WASHINGTON, D.C. — General aviation might be seeing some light at the end of the long tunnel of decline, according to comments from officials from the General Aviation Manufacturers Association (GAMA) at their annual “state of the industry” press conference.
GAMA, which now reports world-wide data, shows that 50% of GA deliveries last year were in North America. GAMA officials note that the Asia-Pacific market is growing, while the European/Middle-East also is improving. Much of the growth, however, has been in the turboprop and pure jet markets. Turbo-props showed a 34% gain over 2013.
The single engine piston market posted a production of 933 aircraft, a slight increase of 2.1% over last year. Piper Aircraft accounted for 154 — 16% — of those 933 planes produced last year. Agricultural aircraft also showed an increase, indicating a growing acceptance of GA’s role in food production.
GAMA executives point to ways they see a brighter future. Steve Taylor, president of Boeing Business Jets and chairman of GAMA, and Pete Bunce, president and CEO of GAMA, said general aviation is getting better acceptance in other parts of the world.
Much of this acceptance is in the business aircraft market, but as this segment grows, the light piston market also should increase.
China is recognizing the importance of general aviation aircraft to serve its many smaller and remote areas and is pushing for more airports and less restrictive regulations.
Manufacturers find the biggest dollar volume in production of corporate aircraft, but expect growth in this market will also result in benefits and growth for light GA planes.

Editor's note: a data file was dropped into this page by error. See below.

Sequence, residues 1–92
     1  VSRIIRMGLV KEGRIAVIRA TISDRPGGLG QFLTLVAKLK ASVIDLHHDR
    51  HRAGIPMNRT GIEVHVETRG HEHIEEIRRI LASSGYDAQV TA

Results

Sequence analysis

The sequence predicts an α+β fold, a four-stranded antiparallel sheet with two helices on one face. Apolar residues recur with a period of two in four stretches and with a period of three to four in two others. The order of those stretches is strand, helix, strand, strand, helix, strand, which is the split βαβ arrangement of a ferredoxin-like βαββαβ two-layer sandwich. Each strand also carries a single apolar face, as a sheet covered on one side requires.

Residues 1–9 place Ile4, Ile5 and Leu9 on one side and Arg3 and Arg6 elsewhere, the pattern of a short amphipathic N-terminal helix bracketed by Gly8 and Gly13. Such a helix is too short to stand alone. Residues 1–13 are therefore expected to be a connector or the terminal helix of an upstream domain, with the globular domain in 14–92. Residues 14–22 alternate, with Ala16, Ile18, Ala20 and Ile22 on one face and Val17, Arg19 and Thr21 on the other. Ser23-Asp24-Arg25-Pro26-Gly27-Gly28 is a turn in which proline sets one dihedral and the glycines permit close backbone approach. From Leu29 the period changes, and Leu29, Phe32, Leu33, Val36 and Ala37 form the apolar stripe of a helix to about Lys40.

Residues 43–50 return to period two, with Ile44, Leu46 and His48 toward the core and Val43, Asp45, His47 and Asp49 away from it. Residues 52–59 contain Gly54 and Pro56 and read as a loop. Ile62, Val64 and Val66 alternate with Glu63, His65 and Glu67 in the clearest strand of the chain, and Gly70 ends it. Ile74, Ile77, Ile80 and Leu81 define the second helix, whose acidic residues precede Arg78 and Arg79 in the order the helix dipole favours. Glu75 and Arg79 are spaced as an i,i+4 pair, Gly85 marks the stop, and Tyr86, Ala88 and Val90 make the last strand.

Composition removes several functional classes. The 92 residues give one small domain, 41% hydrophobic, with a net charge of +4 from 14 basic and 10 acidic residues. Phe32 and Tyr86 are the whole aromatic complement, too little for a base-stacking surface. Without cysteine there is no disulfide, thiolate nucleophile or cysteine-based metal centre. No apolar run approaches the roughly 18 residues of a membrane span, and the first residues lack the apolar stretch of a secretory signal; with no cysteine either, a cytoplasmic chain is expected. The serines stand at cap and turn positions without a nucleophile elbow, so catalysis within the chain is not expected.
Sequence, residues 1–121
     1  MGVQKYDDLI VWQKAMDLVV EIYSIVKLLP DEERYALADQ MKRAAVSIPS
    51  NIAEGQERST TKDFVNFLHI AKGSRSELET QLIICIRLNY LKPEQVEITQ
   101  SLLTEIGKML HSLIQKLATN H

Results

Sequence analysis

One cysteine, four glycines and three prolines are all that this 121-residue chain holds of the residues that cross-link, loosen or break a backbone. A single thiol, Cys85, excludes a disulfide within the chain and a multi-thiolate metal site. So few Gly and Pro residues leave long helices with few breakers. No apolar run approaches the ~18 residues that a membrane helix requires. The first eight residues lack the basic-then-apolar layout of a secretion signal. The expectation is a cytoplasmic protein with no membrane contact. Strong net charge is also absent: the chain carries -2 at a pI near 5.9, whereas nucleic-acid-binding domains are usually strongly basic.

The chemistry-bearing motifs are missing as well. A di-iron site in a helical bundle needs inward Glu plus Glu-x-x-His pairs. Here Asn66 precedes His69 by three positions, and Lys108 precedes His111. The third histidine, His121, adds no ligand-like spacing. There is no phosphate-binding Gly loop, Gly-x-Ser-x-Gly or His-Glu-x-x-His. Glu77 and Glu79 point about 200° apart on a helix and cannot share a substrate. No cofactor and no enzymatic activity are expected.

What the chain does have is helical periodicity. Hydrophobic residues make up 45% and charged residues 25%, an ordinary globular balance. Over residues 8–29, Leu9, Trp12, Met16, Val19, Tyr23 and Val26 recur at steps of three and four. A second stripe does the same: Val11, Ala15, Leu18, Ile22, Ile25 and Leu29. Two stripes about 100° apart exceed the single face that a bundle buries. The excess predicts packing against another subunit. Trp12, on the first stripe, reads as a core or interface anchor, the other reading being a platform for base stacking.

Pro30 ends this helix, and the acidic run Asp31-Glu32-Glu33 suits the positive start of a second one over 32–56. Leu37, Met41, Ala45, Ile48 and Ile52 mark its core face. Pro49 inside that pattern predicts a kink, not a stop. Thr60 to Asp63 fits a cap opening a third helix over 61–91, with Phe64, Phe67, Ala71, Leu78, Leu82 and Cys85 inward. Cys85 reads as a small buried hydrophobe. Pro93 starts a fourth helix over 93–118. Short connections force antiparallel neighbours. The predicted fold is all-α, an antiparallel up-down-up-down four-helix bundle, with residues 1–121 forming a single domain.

There are at least two reasons for this. First, the current fleet of piston aircraft is 48 years old. They will have to be replaced. Second, efforts to change the certification of aircraft and parts can produce better aircraft at lower cost.
Increased regulations and slow activity by regulators, plus an increase in lawsuits, have cost companies heavily, causing them to increase prices far beyond the rate of inflation. Since 1994, there have been 800 new regulations that manufacturers must meet, GAMA officials said.
In 2007 manufacturers started looking for ways to reduce production costs.
“We wanted to drive down the costs for both the government and industry,” Taylor and Bunce said.
A rulemaking committee was formed and began looking at ways to streamline and standardize regulations. With the FAA, they coined the term “Double the safety at half the cost.”
Manufacturers began working more on Congress. Key legislators were invited to visit plants. General aviation caucuses were formed and today these caucuses have more members than any other groups.
Both political parties passed the Small Airplane Revitalization Act, signed into law last year by the President. This act set specific deadlines for actions to be taken. A deadline of 2015 was set for the FAA to come up with new regulations. GAMA spokesmen said this means the proposals must be finished by the end of this year to enable the FAA to have all of 2015 to process changes through the long government process.
So, is GAMA correct? Are things looking brighter for general aviation? Probably.
However, streamlining regulations is just one of the issues keeping GA busy looking for solutions.
There is also an airport problem. The city of Santa Monica showed this recently when it wanted to close that city’s busy general aviation airport. GA use of airports in busy areas like Atlanta, Los Angeles, Chicago, New York and other hub locations might face new and possibly restrictive requirements if NextGen succeeds in making it easier and faster for commercial airlines to get from city to city, further crowding limited airport facilities.
There is a glimmer of light at the end of the tunnel, but it will need consistent and persistent efforts to help it glow into the future all pilots want.